The community onboarding checklist ✅ The Slack CM Newsletter Issue #5
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The Onboarding Checklist
Before we get to the list, let's talk about why onboarding is important.
Sure, it's your first impression but it's much more than that.
It's about turning your new members into experts of your community. It's about information.
The reason is simple. The more your member knows about your community, the more comfortable they'll feel, and the easier it will be for them to engage.
It's scary to be in a new environment. We don't want to immediately jump into conversations. What if my questions have already been asked? What if I'm supposed to speak in a certain way? What if I sound stupid?
Your onboarding process can help eliminate those worries. It can make the new member feel comfortable enough to start engaging.
Let's get to the checklist then.
#1 - Are you asking members to immediately introduce themselves?
Don't. Only the most extroverted and confident members will do that.
Writing an introduction for a community is like walking up to a stage and introducing yourself to a crowd of 500 strangers. It's difficult.
You need an easier first step for your new members.
A great alternative is sending them on to your most active/valuable channel.
Send them to the place in your community where they can get the most value. Allow them to learn more about your community before asking them to introduce themselves.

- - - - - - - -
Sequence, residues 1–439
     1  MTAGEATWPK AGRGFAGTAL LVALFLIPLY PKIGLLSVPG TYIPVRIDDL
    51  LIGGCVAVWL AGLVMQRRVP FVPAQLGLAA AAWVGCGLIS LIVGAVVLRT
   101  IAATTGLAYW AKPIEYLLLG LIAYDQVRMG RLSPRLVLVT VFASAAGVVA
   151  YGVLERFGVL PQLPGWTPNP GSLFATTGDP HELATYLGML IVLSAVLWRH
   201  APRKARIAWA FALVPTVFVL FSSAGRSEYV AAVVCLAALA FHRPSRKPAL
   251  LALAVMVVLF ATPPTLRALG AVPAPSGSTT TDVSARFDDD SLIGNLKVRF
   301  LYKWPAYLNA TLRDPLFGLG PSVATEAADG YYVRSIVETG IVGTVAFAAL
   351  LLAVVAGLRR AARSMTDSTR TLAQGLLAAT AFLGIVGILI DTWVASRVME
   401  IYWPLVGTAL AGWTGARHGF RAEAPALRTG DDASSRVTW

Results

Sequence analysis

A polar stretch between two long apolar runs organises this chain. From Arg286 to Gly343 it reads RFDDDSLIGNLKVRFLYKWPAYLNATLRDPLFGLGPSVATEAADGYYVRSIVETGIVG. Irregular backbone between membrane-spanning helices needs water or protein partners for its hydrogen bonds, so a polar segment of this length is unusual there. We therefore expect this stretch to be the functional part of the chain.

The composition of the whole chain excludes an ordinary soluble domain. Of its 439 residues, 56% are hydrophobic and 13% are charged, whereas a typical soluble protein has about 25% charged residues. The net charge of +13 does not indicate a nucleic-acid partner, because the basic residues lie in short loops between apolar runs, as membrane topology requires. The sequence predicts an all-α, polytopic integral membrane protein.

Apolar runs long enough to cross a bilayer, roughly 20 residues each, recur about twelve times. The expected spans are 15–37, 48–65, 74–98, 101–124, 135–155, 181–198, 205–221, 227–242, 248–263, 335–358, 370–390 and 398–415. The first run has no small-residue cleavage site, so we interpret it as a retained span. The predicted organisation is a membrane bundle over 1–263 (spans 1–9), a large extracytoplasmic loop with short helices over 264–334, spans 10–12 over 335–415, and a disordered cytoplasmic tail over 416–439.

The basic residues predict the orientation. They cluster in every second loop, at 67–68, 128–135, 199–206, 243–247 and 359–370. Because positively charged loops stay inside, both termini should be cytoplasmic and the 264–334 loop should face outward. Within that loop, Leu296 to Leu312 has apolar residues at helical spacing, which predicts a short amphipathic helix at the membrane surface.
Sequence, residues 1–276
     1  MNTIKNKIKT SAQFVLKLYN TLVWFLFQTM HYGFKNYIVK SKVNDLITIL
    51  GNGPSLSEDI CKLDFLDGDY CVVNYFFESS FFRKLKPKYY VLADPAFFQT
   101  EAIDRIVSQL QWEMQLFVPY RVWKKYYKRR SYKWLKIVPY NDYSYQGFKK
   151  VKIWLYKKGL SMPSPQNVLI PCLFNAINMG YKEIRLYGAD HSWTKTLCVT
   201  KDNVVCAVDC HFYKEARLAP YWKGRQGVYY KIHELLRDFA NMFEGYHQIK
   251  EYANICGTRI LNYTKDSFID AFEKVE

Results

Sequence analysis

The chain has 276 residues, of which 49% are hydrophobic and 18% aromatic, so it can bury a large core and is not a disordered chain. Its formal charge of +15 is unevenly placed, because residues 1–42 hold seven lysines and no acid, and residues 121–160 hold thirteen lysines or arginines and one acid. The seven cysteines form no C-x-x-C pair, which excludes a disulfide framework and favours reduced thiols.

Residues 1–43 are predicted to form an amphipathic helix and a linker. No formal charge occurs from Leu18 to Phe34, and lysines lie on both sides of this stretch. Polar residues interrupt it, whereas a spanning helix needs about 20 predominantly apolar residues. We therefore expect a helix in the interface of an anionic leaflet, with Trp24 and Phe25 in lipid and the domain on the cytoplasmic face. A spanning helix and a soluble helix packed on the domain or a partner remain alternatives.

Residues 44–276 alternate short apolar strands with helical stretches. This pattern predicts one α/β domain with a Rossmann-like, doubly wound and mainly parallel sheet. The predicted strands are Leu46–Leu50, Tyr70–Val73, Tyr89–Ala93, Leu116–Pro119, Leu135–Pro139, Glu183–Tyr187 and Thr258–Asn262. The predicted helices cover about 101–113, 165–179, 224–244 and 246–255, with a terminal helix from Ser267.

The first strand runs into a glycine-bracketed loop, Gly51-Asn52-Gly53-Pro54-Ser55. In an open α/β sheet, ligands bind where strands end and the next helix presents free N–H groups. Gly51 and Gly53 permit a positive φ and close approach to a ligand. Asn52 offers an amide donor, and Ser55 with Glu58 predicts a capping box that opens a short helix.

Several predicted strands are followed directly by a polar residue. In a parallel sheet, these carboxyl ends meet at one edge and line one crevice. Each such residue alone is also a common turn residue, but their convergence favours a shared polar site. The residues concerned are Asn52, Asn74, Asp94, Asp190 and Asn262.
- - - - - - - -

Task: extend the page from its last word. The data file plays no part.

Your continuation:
#2 - Do you have a 'fastest path to value'?
Just because someone decided to join your community, doesn't mean that they're bought in yet.
They're still exploring. They're still not sure that you're providing the value you promised.
A 'fastest path to value' helps you instantly show members that your community is worth the time and effort.
Your community's fastest path to value depends on the value your members are searching for.
Is it answers to technical questions? - Send them to your #help channel and let them see how quickly your members get answers to their most pressing questions.
Is it for industry insights? - Send them to your general channel and let them explore the interesting topics your members are debating.
Is it for networking? - Introduce them to another relevant member ASAP or show them how they can sign up for 1:1s with other members.
Whatever you do, have a fastest path to value.
#3 - Are you sending (at least) more than 1 welcome message?
A single message is not an onboarding flow. You need to have at least 2 onboarding messages.
Multiple messages help you spread out all the information you need to share. They also help you get your members back to your community after they've joined.
Getting someone to join your community isn't the difficult part. Making them come back is the real challenge.
Multiple onboarding messages help you with that.
To set up delayed onboarding messages with Zapier, you can follow this video that I created for Yurii (a fellow reader) a while back!
#4 - Is only 1 person saying hello?
Imagine going to a party and only the host welcomes you. That's okay, but it's definitely not enough to make you feel welcome yet.
What if your new members got a message from you and someone else on your team? How about getting a message from the community manager AND the very busy CEO?
That sounds pretty good, right?
It will make the new member know that there is more than 1 person who cares about them as a new community member.
You don’t need to ask your CEO to message everyone individually. They just have to set up a quick Zapier workflow that is connected to their Slack account.
#5 - Are you only using 1 channel of communication?